The twin’s mother sets out on a search mission helped by a magic bun, the Sun, the Moon, and the Wind, a dog, a cat, a bear and a deer named Golden Horns.
The wonderful deer with golden antlers is grateful to Yevdokya‘s help in keeping the hunters away from him, so he gives her a magical ring. A ring which will later on help her from danger in the last fight sequence with the witch Baba Yaga. The entire village wishes Yevdokay well. This gives her strength. In fact, when the mother is despairing, even the pet dog gives the mother courage by informing her that her children are alive. This film brings out the difficulty of animals tied up or hunted by humans very well.
I found the English translation a bit rusty and the camera movements jerky, but overall, every character whether animal, human or inanimate is handled with creativity and humor. There is a message for little children to keep themselves safe.
This story is filled with interesting forest dwellers casting spells, a cook who gets fed up of Baba Yoga’s demands , magical moments, animals coming to the rescue of humans, the valiant mother, the brave brother who loves his mother and sisters. The family pets a fluffy dog Polkan and a clever cat Vaska work selflessly. It is the animals who stand out in this wonderful fairy tale. As for the house with chicken legs and whether the witch Baba Yaga gets her just desserts….watch the film to find out what happens.
By Shagorika Ghosh, 17
Before all the crime procedurals that flood TV today, before the sharply written witty detective novels, before Castle and Bones and CSI, before Kinsey Millhone and Eve Dallas, there was Feluda. Pradosh Mitter, better known as Feluda, was a private investigator, created by Satyajit Ray. When I think of Feluda, I always think of the Bhoolbhulaiya. Indeed, this goes back to the first Feluda story I read – The Emperor’s Ring. It was after that that my interest was sufficiently piqued for me to read all the Feluda stories I could lay my hands upon.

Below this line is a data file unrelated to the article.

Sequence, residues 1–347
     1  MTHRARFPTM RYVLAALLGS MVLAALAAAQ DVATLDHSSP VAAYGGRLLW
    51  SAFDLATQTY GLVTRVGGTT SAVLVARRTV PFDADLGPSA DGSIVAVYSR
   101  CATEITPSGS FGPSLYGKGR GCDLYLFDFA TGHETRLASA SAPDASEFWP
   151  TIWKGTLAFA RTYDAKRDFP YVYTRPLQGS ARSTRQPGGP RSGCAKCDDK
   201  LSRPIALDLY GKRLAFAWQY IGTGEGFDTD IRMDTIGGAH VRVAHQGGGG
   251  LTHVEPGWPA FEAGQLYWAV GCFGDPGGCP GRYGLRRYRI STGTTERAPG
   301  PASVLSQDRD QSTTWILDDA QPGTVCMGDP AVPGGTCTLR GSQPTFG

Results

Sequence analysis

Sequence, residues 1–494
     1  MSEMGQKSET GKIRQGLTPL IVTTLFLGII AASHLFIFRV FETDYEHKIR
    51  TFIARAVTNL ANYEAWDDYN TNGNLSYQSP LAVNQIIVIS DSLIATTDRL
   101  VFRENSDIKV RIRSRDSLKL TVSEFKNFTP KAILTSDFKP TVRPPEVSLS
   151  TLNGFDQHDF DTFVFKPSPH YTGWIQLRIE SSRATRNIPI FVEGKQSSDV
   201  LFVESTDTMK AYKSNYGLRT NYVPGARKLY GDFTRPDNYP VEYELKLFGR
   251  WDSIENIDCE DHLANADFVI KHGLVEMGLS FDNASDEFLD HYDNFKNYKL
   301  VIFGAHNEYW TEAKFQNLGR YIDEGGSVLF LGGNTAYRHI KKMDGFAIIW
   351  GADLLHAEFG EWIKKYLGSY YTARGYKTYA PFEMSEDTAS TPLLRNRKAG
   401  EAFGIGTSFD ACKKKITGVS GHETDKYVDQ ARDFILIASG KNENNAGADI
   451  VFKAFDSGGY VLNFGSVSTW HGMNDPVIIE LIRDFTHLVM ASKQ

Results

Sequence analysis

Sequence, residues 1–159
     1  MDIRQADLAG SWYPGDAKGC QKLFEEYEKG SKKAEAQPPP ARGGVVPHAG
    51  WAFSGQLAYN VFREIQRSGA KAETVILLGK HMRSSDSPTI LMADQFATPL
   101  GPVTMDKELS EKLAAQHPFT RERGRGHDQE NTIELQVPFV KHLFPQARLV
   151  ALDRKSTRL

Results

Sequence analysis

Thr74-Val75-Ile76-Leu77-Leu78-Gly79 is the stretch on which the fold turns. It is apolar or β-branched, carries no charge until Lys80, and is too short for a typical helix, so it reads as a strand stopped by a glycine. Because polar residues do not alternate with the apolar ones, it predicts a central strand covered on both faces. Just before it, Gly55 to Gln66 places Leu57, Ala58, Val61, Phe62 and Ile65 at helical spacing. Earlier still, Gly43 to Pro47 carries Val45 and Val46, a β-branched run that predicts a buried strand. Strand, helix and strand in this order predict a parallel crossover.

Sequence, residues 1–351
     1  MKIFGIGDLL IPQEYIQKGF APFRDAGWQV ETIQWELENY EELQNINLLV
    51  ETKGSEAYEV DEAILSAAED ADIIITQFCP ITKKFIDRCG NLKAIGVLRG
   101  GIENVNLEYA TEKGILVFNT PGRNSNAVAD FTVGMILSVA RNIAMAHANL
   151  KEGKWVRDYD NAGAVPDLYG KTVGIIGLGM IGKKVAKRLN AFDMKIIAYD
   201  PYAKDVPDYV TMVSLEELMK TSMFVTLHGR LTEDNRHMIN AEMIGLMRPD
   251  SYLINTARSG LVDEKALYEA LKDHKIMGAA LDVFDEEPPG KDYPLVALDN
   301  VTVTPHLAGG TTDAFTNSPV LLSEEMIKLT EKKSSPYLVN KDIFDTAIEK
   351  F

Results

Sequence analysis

I read Feluda as a kid, I was barely 11 or 12. But the sense of wonder that Feluda inspired in me all those many years ago remains even now when I read it as a just-adult. The clever deductions, the seemingly trivial details that proves most important in the end, the loose end that would unravel the whole mystery.
There were more than thirty Feluda stories written by Ray, featuring Feluda and his cousin Topshe who doubled up as his Dr Watson-like sidekick. Soon, from the story The Golden Fortress (Shonar Kella), another character, Lalmohan Ganguly, a writer of thriller novels with the pseudonym ‘Jatayu’ was introduced. Added by Ray as a foil to Feluda, and to use the oft-repeated phrase, to add dollops of humour, Lalmohan Babu became one of the ‘Three Musketeers’ with Feluda and Topshe. He appeared in practically every Feluda story after The Golden Fortress, and was often used by Ray to add a comic element to any situation. The intensity brought to the pages by Feluda’s seriousness was often dispelled by this bumbling, lovable writer of action thrillers; and he played the clown where Topshe played the adoring and admiring satellite.